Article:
People from Nevada generally aren’t impressed by even the worst Mother Nature can dish out. After all, we’ve probably seen it all over the course of a week. Wasn’t it Mark Twain who said that “if you don’t like the weather in Nevada, wait five minutes”? Well, Nevadans understand that the sentiment is equally true with natural disasters.
3. Prostitution: legal, but not.
After I’ve shattered the non-Nevadans dreams about the frequency of my jaunts to Vegas, their next question (usually in a voice that is almost disturbingly hopeful) is whether prostitution is really a big industry in our state. Again: you non-Nevadans should seriously do your research.
Consider this the most important piece of Nevada tourist info you will receive: PROSTITUTION IS NOT LEGAL THROUGHOUT THE ENTIRE STATE. Seriously. I’m not kidding you.
Here’s a quick history lesson: prostitution laws in Nevada are delegated to the counties. The only state-wide regulation is that no county with more than 400,000 residents can legalize prostitution. This means that Clark County and Washoe County (the counties containing the states’ two largest population centers) do not have legal brothels. Most Nevadan’s are not stupid enough to hire a sex worker in either of these counties, or in Douglas county, which has also passed laws banning the practice. Tourists, however, are generally not as intelligent. For Nevadans, idiotic tourists who get arrested for soliciting prostitutes in Reno or Vegas are sources of hilarity and merriment. Hey–for a state consistently ranked last in education, it’s always nice to be smarter than someone!
In total, 11 counties have laws that legalize prostitution and one county doesn’t have a law either way. If you feel the deep need to get it on with a real Nevada prostitute, please do your research. Or, better yet, just don’t hire a sex worker in the first place.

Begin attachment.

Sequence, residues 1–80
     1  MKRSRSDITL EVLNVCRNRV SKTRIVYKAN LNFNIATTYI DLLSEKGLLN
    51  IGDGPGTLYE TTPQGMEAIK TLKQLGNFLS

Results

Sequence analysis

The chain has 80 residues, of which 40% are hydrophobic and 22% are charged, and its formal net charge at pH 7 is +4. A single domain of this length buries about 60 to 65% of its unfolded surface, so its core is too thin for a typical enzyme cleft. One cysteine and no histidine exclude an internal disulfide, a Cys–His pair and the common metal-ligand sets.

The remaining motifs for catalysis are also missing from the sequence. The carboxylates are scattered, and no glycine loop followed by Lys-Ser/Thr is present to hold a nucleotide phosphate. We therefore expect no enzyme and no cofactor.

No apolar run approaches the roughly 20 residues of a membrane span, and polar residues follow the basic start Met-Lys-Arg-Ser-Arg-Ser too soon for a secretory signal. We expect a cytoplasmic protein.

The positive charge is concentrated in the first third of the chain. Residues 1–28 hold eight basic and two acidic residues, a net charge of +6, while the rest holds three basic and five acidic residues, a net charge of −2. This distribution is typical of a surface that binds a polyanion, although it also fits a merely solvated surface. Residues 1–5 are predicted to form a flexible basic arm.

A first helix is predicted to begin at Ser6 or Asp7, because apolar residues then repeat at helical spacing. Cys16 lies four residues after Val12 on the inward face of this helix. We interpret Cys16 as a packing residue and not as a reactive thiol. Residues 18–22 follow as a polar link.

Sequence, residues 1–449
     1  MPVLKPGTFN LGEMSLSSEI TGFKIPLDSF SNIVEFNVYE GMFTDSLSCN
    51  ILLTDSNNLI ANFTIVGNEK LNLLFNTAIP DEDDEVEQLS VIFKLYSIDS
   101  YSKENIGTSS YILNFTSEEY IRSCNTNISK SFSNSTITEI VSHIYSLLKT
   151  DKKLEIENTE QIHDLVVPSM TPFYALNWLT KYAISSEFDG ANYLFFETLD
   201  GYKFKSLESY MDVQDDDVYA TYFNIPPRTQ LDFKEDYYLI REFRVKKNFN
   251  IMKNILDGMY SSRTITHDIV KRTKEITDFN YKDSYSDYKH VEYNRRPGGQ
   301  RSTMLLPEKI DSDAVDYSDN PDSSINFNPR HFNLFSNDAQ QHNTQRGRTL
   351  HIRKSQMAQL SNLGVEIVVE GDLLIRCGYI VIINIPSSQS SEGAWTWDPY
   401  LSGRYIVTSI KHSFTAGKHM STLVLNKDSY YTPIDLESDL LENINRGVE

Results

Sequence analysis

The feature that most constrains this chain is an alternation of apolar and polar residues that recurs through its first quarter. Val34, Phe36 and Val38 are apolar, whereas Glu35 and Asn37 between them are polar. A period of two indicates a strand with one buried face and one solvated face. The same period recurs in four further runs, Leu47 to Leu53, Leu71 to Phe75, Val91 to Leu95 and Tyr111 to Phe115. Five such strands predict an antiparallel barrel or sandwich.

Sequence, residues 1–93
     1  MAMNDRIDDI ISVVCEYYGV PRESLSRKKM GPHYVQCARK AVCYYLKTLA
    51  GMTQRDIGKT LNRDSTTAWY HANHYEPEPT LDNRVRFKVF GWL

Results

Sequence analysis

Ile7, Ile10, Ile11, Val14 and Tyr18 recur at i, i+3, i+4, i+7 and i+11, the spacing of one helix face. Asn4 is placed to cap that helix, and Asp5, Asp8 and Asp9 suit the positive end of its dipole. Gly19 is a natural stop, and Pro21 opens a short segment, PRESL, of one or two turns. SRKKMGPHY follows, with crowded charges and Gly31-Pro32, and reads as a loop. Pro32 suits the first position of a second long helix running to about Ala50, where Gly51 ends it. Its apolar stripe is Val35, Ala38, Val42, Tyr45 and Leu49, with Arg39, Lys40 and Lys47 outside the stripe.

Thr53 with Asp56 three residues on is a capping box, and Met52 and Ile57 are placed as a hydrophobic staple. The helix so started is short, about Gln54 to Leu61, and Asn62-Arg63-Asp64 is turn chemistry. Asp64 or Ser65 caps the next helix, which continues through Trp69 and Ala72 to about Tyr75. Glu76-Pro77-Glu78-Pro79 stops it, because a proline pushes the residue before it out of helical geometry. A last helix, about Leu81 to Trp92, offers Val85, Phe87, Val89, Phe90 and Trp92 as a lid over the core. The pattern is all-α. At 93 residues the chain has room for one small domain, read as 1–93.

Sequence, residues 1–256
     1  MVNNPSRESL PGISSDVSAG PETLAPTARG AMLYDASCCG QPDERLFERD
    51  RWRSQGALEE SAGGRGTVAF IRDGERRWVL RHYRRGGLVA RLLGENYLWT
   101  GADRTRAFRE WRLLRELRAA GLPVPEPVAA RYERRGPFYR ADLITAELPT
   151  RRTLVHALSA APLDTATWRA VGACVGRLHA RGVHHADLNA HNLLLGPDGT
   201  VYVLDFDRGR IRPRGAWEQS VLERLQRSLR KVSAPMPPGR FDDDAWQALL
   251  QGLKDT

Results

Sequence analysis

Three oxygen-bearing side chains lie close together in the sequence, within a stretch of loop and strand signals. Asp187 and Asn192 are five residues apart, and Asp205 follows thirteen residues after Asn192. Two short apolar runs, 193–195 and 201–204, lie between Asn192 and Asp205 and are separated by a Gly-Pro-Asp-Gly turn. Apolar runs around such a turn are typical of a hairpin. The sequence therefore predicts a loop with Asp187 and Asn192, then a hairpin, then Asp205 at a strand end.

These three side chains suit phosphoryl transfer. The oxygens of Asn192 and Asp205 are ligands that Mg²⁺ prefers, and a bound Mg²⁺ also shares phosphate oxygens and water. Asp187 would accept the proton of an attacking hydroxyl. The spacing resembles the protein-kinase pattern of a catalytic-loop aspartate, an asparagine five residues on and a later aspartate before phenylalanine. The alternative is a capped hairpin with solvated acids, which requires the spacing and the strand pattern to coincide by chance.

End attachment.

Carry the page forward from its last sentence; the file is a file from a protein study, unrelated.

4. My not-so-real gambling addiction
Perhaps it’s par for the course given Nevada’s less than stellar stereotyping, but I frequently get asked if I or my family are big gamblers. Granted, gambling in Nevada is pretty much the norm. We have slot machines in our grocery stores and I don’t think I realized that gambling was illegal pretty much everywhere else until an embarrassingly late age. But despite all of this, gambling is generally not something native Nevadans engage in with much frequency. The obese, tipsy, chain smoking gamblers that are fixtures at Nevadan casinos are usually from out of state (damn Californians).
Similarly, to non-Nevadans, the people of Nevada are massive drinkers. Their reasoning is generally sound. With 24 hour access to literally any type of alcohol you could ever want, be it in a bottle, bag, or box, we have to be big into the drinking experience, right? Well… not exactly. Sure, Nevadans party like everyone else, but we are not, in fact, the “drunkest” state in the country. That honor actually goes to New Hampshire.
Sorry to burst your bubble, non-Nevadans, but the people of the Battle Born State don’t actually party any more than you do. Unless, of course, you’re from New Hampshire.
5. THE MOST IMPORTANT LESSON: It’s Ne-VA-da, not Ne-VAH-da.
If I can enlighten you on a single, solitary Nevada issue, it is this. It is a source of deep seeded anger, hatred, and animosity for Nevadans that our state gets mispronounced so frequently. Worse? When people are told the correct pronunciation and pointedly choose to ignore it. Because looking like an ignorant fool is definitely the best policy, right?
Let’s practice, okay? Say it with me Ne-VA-da. Do it again. NE. VA. DA. There is no “vah” in there anywhere. One last time? NEVADA. Awesome. Hopefully you’ve learned something.
This is probably the most inherently Nevada thing out there. Nevadans will stop you mid sentence to correct the pronunciation; and, no, when it’s correcting your blatant and concerning ineptitude, it isn’t rude. Additionally, if you correctly pronounce Nevada in front of a native Nevadan, you will most definitely gain a small amount of approval and respect. Don’t expect us to show it, though; Nevadans aren’t easily impressed. Say it with me once more, with feeling!